C) You’re a freeloading perpetual child who is Just Playing and needs to grow the fuck up and get a Real Job, already, instead of abusing the kindness, patience, and generosity of people who actually (for some reason) believe in you

See what I mean?

It’s a mess.

I used to write recipes and blog posts for an online cooking magazine[9] that paid me a couple of hundred dollars every month for my product. It was great. I was Making My Living as a Writer. When people asked me “So, what do you do…?” I could tell them “I’m a freelance writer. I write for a cooking magazine and have published a couple of poems!” and they would nod and go “that’s so cool” because I was a “real” (read: paid) writer for realz.

Now I write… blog posts (prolifically), poetry (sporadically), a novel-in-progress[10], and occasional essays or stories as they come into my head. Sometimes I get paid for this stuff. I’ll sell a poem to a publication and get paid to read at the launch party, or I’ll write an essay and manage to sell it to a magazine. But mostly my writing is unpaid and, well, labour-intensive. I’ve talked a bit about this over at The Bleedings of My Heart so I’m going to spare you the repetition here. The short version is:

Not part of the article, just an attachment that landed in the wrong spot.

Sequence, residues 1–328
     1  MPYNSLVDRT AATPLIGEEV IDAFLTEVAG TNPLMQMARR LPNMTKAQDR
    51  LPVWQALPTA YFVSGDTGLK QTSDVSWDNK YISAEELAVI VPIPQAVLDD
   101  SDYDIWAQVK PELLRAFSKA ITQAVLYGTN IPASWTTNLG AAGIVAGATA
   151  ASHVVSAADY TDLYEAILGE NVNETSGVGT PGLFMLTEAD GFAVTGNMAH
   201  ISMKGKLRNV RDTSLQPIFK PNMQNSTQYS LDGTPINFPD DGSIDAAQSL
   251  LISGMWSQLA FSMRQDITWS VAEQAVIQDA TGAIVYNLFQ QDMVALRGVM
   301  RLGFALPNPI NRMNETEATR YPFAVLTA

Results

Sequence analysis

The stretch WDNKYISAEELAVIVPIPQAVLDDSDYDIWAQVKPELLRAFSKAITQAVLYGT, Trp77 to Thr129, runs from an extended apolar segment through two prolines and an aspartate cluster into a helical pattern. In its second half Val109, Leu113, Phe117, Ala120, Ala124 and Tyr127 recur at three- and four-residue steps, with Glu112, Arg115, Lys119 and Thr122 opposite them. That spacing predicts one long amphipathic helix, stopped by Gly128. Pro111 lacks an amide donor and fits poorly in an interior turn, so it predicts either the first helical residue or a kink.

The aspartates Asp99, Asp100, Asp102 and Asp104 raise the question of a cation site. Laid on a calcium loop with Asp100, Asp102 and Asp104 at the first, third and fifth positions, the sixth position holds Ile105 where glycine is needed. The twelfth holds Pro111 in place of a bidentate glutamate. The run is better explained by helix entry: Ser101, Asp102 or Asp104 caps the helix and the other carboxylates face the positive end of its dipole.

It’s my job to create my art.
If I create my art, I’m doing my job.
If I’m getting paid to do my job, then so much the better.

And it’s getting easier to remember that.
I feel good – not just “better” but good – about myself when I put in my 1000 words/day. I can tell twitter that “Today I made peach chutney, a phone call to a figure-drawing class that was looking for models, and one thousand words. Booyah! I’m doin’ my job!”
But I still get twitchy – even knowing that Ghost has my back 100% of the time – when it comes to Needing Her Help. E.G.: “Due to it being The Intersession, there’s been a lack of modeling work over the past two months and, on top of that, my recipe-writing job just dried up with no notice. As such, I need you to cover all of the July Rent, and possibly August’s as well”. That happened in 2011, not that long after we’d set up house together, and it suuuuuuuuuuucked. Not because she was grudging or gloating or otherwise nasty about it (she very emphatically was anything but nasty about it) but because is really, REALLY felt like I was letting her down (even through situations beyond my control. Yeah, I know).

… And I’ve been rambling about this stuff for three solid pages at this point, so let me see if I can gather everything together into some kind of concluding point…